Not everything is column-worthy. Sometimes I come across things on outdoor rambles that are simply cool-looking or interesting in some small-scale way. That’s been the case lately, so I’ve created this new column title that I’ll re-use in the future for times, like now, when I’d like to share sights, such as the lichen and moss “garden” above. None of the images below are meaty enough to warrant an extended treatment, but they caught my eye, so I’m hoping they tickle your fancy too.
Mt. Hackensck is a steep-sided rocky hill towering over the hamlet of Warrensburgh in the eastern Adirondacks. I climbed it a couple of weeks ago to bring some life into my legs after driving several hours. The view from the top was lovely and included the three mountainous bumps you see here (the left-most bump doesn’t count). I learned that these are known locally as the “Three Sisters.” That intrigued me because I just recently wrote about our local “Seven Sisters.” It made me wonder how many other mountainous sisters there are. I knew about the Three Sisters range in Oregon (and the lovely adjacent town of Sisters), but a little Googling led me to others, including another Seven Sisters in Norway. So many sisters! Where are the brothers? Well, although I had never come across a set of brotherly mountains myself, it turns out that there are probably as many alpine “brothers” in the world as there are “sisters,” including the “Three Brothers” just a little farther north in the Adirondacks from these three sisters. Being blessed with both a brother and a sister myself, I’m happy about this symmetry in the naming of mountainous relatives.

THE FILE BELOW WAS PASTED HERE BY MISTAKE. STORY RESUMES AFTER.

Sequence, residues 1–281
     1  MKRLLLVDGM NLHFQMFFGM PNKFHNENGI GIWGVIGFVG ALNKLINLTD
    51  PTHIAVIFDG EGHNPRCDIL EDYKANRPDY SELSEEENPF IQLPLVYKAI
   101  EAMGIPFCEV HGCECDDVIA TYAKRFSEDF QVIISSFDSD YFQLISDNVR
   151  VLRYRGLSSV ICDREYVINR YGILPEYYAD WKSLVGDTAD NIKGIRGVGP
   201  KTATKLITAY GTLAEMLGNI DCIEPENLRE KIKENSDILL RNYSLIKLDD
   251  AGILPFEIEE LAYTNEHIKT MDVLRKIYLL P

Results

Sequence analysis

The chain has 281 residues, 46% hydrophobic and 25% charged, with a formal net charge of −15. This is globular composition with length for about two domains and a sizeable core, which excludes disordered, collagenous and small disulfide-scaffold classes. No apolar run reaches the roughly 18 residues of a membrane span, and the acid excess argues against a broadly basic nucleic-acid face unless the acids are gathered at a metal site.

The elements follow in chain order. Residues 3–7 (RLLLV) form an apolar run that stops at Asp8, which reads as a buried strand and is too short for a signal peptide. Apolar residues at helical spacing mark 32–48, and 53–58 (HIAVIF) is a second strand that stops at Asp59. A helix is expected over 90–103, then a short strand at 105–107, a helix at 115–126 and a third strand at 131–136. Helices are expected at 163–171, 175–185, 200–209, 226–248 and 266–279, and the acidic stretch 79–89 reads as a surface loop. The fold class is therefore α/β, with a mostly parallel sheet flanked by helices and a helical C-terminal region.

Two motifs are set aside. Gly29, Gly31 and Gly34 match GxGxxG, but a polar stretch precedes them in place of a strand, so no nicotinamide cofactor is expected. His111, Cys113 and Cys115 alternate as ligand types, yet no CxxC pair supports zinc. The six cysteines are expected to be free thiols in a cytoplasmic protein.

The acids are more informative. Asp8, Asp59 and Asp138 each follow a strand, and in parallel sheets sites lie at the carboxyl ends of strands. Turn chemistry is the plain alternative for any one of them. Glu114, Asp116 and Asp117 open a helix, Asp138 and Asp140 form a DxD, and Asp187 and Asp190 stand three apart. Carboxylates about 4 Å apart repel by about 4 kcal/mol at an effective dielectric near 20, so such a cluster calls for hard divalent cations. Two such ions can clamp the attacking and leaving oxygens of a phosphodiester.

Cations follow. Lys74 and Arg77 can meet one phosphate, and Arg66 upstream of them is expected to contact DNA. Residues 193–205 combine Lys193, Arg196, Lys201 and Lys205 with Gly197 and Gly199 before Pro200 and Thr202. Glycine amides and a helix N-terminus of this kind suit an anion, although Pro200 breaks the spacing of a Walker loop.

I came across these patterns in paper-thin ice on the shore of a marshy area near Mt. Hackensack. What do you think causes the lines? I have no clue. My best guess is that they result from a cycle of nightly ice growth alternating with either daytime melting or simply daytime stasis in ice growth. Regardless of the physics of their creation, they’re really neat!
On a recent day that hovered just at the freezing mark, some friends and I hiked up to the set of cascades on Dunlop Brook in Pelham, which was rushing loudly from rain and snowmelt. Near the base of one of the falls I found this array of smooth, bulbous ice bumps, which I’ve not seen before. They must form, somehow, from the spray of the nearby falling water, but why the ice forms these bumps instead of a smooth sheet of ice is a mystery to me. The formation reminds me of similar-looking golf-ball-sized bumps I saw once while caving in Tennessee. Those, however, were stony and formed over centuries from a steady dripping of mineral-rich water.
OK, yes…again with the ice! I’m just a sucker for these kinds of things and amazed at the variety of shapes possible when different forces act on what is a very simple molecule. These extremely delicate hair-like extrusions of frozen groundwater are called needle ice. I took this shot on a hike up Mt. Holyoke recently, but I’ve seen a lot of needle ice this winter, probably because we’ve had so little snow and yet cold-enough conditions for these structures to form. Sometimes you feel and hear needle ice before you see it. You’ll be walking along a trail and suddenly your boot hits a soft spot and you hear a distinct crunch. Needle ice sometimes lifts an entire slab of soil or humus as it grows, hiding the fragile pillars beneath.
Well, that’s all I’ve got. If you come across sights on your own rambles about which you’re curious or that you just want to share, send them my way and I’ll include them in the next installment of Almanac Show & Tell!
Almanac is a regular Indy column of observations, musings, and occasional harangues related to the woods, waters, mountains, and skies of the Pioneer Valley. Please feel free to comment on posts and add your own experiences or observations.